Keeping Employees Healthy:

Keeping Employees Healthy:
The Far-Reaching Effects of Occupational Health

By Patricia Tydell, MSN, BSN, MPH


1. To identify the components of an injury-illness prevention program.
2. To describe the selected hazards found in the workplace.
3. To state methods designed to prevent workplace injury and illness.

Test Questions: Answer True or False
1. The purpose of educating staff is to help them be more compliant with a prevention program. T F
2. Policies that implement the program should have input from frontline staff.    
3. Patients and /or families should not be bothered with safety issues when they are in the hospital.    
4. The goal of occupational health is the prevention of injury and illness in the workplace.    
5. A comprehensive program to assure prevention would include assessment of the environment, engineering controls, work practices and monitoring    
6. An external consultant who is an expert in safety must do a hazard risk assessment of the work area.    
7. The development of an assessment tool will help to ensure that the team conducts a thorough review of the environment.    
8. If a dangerous situation is uncovered during the assessment, it should be documented for future reference.    
9. An example of an engineering control is needleless sharps systems.    
10. Smoke plumes from laser/electro-surgery are minor issues in healthcare today.    
11. Toxic gases, dead and alive cellular material and viruses can be transmitted into the air during laser/electrosurgery procedures.    
12. To alleviate the dangers from laser/electrosurgery procedures, a combination of engineering controls and work practices need to be in place    
13. All tubing, filters and absorbers from laser/electro-surgery procedures are considered infectious waste    
14. An example of a work practice designed to protect employees from injury or illness is the practice of using safe sharps during medical procedures    
15. The most common protective equipment used in healthcare today is gloves.    
16. Bioterrorism is the use of biologicals to inflict harm on persons to intimidate or coerce them for some political or social cause    
17. Biological toxins can enter the body by only one route    
18. An indicator that signals a toxin may have been used includes an unusual number of sick or dying people or animals    
19. The three methods to protect self and others from terrorist attacks are time, distance and shielding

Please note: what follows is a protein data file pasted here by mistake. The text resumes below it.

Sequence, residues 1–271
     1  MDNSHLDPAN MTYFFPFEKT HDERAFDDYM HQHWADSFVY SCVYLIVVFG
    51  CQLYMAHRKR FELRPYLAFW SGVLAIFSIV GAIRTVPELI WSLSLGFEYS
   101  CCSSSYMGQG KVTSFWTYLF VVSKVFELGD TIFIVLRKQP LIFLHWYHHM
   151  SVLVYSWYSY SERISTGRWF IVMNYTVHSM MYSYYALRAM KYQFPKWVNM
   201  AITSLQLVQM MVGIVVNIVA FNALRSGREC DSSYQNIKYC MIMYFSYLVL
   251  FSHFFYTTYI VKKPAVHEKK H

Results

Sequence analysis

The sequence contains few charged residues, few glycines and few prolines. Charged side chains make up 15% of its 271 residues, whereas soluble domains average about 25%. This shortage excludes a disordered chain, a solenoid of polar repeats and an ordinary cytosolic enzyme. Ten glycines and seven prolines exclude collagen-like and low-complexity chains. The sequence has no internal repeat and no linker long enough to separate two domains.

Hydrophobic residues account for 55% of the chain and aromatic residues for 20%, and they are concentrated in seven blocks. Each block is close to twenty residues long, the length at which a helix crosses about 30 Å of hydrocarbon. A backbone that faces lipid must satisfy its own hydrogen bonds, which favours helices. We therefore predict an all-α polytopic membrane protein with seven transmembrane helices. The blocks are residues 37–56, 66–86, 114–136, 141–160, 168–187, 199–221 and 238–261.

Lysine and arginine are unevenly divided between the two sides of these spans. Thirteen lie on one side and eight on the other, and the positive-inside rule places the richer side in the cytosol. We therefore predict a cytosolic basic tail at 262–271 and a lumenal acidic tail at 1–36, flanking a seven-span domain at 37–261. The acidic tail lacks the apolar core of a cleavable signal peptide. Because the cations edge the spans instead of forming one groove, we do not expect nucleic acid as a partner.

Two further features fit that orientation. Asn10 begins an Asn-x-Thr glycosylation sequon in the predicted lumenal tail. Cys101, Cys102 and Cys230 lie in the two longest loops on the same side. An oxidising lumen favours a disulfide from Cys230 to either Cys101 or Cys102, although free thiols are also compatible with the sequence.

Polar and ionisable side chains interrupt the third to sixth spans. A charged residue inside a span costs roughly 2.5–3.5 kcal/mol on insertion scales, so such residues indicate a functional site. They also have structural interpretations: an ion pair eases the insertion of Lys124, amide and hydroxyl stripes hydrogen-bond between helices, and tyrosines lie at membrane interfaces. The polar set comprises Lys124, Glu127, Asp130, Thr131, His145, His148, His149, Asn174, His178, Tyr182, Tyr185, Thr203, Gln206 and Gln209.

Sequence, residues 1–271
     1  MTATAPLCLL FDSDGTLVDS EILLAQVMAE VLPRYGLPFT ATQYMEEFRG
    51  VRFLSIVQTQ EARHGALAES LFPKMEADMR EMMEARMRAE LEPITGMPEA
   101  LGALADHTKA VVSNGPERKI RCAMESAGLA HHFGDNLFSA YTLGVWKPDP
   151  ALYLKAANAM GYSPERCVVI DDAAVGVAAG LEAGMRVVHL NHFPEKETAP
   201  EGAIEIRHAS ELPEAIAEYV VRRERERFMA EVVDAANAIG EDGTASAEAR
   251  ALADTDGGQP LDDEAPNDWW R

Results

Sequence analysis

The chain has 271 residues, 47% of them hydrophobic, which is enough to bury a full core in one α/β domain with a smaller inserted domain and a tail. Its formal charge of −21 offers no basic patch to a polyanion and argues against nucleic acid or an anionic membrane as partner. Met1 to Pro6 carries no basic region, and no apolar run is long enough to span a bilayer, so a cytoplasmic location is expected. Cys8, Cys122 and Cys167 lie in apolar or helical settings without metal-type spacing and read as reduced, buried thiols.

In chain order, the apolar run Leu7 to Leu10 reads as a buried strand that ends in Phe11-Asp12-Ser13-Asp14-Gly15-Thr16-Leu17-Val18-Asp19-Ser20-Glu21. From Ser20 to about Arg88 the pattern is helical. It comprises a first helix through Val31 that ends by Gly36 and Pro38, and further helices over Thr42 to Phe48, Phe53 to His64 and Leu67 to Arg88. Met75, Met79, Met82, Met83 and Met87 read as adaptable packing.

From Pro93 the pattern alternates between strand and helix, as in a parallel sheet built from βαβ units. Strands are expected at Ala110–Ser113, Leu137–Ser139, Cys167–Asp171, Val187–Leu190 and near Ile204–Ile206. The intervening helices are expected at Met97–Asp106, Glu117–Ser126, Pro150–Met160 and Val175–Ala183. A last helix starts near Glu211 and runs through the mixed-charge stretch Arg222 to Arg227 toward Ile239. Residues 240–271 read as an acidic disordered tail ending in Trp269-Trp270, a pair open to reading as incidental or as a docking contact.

20. Exposure to infectious agents only concerns those employees in direct caregiver positions    
21. A common practice to ensure a healthy work force includes handwashing    
22. Immunization programs are suitable for only those employees who provide care to infected patients    
23. Monitoring of the prevention program should include the practice of mock drills    
24. Feedback to employees about their performance during drills and rounds helps them improve their performance    
25. Preventing injury and illness in employees is the sole responsibility of the occupational health and infection control professionals    

It is estimated that more than 8 million people in the United States are healthcare workers (HCWs). They work in traditional settings such as hospitals and nursing homes, but frequently work outside of these areas in places such as homes and clinics. They are direct caregivers such as doctors, nurses, respiratory therapists, and non-direct caregivers like laboratory staff, central supply staff and pharmacists. They can also be students, volunteers, researchers and contracted personnel.

While registered nurses are the least likely of occupations to lose time from work due to injury or illness (25.7 percent), nursing aides and orderlies are the third highest group of all occupational groups to loose time from work due to injury or illness (75.7 percent).1 Regardless of job category, these persons have the potential to be exposed to hazardous conditions in the workplace; hazards such as needlestick injury, TB exposure, laser/electrosurgery plume, bioterrorism and exposure to other infectious diseases through the environment of care and equipment. These hazards are manageable through the use of policies and practices as well as engineering controls. A well-defined prevention program that includes prevention of work-related illnesses and injury, education of staff, monitoring of the environment, engineering controls and work practices support the goal of prevention of occupational injury and illness.

Education of Staff